[REVIEW] Frostbitten – Kelley Armstrong

Kelley Armstrong
Frostbitten (Otherworld, Book 10)
Random House (US & CA: 29th September 2009); Hachette Orbit (UK: 1st October 2009; AU: November 2009)
Buy (US) Buy (UK) Buy (CA) Buy (Worldwide)

Elena Michaels and the American Pack know that recent emigrant Reese Williams is being framed by his allies. Running from Elena makes it hard to tell him, so she follows the Antipodean to Alaska, a state no stranger to wolves…and perhaps not to werewolves and other beasties, either. Soon Elena discovers traces of new scents – other breeds of animal. But tracking down who’s responsible for the missing girls, the dead Pack member, and who knows what else requires more than one wolfy investigator. It’s time to call in the Pack.

Elena and Clay Danvers are on this mission without their three-year-old twins, who are with their grandfather and his lady friend. And these are no ordinary kids – they jump out of a second-storey window and escape with nary a scratch. This examplifies why I generally don’t connect with mothers as lead characters – because the kids are always precocious. No child is average; they’re super-smart and physically gifted, too. Is there wish fulfillment going on? Of course no parent wants to admit that their kid is kind of stupid, but in fiction stupid children don’t exist…well, they don’t if their parents are the protags.

Also, no one in this series really seems to have a full-time paying career. Elena sometimes writes for Canadian Press. Clay sometimes gives anthropology lectures. Jeremy sometimes does art. Jaime sometimes tours. Really, Hope Adams seems to be the only person with an everyday job that she actually does. How the others can afford to keep a roof over their heads, bills paid and food on the table is beyond my tiny comprehension. Supernaturals are loaded? Well, bugger me.

Danya Podrova is minor, but his surname confuses me. If the Ukrainian naming system is anything like its Russian counterpart, his surname should be Podrov – without the A. If he had a sister, she’d be Podrova, but not a man. I may be wrong, but if I’m right, this mistake has passed over quite a few heads on the way to publication. Who’s the right person to contact to see about getting this changed in a future edition?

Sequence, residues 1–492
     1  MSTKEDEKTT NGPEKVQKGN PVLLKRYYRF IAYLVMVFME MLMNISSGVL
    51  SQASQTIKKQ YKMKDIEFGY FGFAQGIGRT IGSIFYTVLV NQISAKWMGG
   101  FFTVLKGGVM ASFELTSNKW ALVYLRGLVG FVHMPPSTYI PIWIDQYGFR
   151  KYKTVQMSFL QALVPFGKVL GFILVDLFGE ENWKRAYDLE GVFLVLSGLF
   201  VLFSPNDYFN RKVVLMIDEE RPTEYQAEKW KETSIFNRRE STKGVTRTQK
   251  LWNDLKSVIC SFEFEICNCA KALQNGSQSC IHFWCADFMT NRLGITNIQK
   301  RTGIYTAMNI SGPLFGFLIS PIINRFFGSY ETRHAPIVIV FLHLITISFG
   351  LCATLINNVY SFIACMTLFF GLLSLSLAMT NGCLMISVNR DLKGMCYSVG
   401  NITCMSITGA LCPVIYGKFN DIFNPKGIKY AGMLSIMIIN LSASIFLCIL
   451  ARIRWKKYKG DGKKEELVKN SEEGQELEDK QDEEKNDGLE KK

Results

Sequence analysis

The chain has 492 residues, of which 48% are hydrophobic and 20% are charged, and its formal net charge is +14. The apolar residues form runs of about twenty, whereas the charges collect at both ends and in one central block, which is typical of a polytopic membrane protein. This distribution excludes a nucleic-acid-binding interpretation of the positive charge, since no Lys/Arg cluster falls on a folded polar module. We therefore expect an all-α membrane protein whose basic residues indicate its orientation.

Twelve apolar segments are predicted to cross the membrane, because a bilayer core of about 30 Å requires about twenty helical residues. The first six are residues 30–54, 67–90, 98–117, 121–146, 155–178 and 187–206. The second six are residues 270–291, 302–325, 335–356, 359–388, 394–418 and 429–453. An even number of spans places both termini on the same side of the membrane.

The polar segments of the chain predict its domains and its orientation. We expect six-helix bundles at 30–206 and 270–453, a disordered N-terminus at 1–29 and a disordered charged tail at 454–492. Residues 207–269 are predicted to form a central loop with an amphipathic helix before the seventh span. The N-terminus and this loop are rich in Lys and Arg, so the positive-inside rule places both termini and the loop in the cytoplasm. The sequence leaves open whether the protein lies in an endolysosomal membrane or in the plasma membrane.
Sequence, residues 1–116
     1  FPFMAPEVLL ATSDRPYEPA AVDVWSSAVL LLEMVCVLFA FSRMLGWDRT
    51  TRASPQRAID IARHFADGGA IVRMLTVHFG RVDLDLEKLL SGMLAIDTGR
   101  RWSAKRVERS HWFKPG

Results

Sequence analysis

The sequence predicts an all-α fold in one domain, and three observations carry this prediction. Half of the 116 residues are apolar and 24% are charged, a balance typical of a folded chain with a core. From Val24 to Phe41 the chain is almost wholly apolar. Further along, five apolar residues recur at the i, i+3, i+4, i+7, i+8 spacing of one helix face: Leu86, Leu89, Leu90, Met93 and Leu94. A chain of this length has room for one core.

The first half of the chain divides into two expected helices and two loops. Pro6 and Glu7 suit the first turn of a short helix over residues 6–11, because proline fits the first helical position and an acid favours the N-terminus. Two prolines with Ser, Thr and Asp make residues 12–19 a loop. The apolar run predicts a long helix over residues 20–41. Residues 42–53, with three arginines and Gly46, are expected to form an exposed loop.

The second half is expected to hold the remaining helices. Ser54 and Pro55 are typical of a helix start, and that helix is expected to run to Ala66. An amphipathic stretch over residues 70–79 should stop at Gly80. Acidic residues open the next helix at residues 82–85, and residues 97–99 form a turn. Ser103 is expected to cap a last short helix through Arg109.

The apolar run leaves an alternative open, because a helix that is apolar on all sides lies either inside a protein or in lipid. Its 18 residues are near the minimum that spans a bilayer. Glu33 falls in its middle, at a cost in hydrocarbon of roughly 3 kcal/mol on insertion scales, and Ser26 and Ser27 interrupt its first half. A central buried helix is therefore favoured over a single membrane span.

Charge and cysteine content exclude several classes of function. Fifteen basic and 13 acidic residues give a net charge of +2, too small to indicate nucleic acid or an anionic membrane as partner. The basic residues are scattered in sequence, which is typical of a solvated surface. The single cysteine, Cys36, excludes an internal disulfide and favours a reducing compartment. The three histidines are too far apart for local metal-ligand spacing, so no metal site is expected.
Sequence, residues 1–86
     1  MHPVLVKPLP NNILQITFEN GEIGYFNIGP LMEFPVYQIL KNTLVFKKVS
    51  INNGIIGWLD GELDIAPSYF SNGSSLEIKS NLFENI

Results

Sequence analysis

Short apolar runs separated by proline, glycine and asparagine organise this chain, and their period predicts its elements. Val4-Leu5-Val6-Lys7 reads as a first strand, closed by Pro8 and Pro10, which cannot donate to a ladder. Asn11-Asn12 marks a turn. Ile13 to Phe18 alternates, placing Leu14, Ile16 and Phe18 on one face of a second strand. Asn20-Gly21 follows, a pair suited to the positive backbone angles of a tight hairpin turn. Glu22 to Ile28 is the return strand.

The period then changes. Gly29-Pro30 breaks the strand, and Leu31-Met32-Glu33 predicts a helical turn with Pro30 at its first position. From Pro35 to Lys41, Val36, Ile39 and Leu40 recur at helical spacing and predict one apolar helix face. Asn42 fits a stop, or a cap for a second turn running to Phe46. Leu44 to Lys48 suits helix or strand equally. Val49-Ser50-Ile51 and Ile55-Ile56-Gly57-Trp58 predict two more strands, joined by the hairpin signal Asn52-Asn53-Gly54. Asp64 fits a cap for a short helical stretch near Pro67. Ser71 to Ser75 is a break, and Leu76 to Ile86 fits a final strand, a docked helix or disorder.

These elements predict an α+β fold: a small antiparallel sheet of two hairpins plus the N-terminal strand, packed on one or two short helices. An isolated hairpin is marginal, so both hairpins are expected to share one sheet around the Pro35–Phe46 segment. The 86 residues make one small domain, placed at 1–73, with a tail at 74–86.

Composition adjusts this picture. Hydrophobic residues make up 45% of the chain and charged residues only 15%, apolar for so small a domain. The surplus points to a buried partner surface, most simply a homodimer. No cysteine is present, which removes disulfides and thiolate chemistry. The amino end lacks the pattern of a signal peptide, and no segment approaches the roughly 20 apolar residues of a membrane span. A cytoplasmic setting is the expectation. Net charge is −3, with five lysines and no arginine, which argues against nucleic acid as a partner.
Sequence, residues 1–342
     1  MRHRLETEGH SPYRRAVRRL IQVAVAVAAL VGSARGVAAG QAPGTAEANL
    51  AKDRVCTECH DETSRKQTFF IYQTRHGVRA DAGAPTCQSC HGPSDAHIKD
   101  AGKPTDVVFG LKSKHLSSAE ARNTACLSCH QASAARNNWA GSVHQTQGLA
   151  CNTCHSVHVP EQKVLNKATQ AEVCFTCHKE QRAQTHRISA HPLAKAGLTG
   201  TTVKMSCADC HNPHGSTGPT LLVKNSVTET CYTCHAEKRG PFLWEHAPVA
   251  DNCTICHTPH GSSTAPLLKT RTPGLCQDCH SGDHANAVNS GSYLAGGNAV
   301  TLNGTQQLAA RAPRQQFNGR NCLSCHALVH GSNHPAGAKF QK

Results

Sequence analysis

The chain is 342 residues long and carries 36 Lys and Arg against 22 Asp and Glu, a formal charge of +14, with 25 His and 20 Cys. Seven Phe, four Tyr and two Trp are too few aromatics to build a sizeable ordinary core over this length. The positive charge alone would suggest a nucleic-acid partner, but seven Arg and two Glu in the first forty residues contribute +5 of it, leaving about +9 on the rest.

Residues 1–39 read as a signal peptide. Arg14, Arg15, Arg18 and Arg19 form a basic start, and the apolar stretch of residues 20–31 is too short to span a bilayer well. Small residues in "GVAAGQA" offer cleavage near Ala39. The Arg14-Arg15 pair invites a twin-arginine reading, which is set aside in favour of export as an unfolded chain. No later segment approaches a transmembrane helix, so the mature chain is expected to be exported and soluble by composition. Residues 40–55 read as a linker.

Frostbitten is definitely the best of the latter Otherworld novels released. The witches/sorcerors/demons books have never really grabbed me the way the werewolf ones have. And considering that the last Otherworld book I read was the disappointing Men of the Otherworld anthology, Frostbitten is the perfect book to re-engage readers who may have fallen off the wagon. Not only that, but the new species of animal featured here are bloody fascinating, and there are some fantastic new characters, too. Reese is Australian, and is keeping his past a secret. He’s a buff, blond, twenty-year-old who looks like a surfie and has a name to match. (Generally, his name should be spelled Rhys, the Welsh way, but you know what surfers and bogans and whatnot are like with their spelling…) And we meet another Canadian – Morgan Walsh is a Newfie. Also cool is news of a Russian Pack, and expect to see Noah Albright return.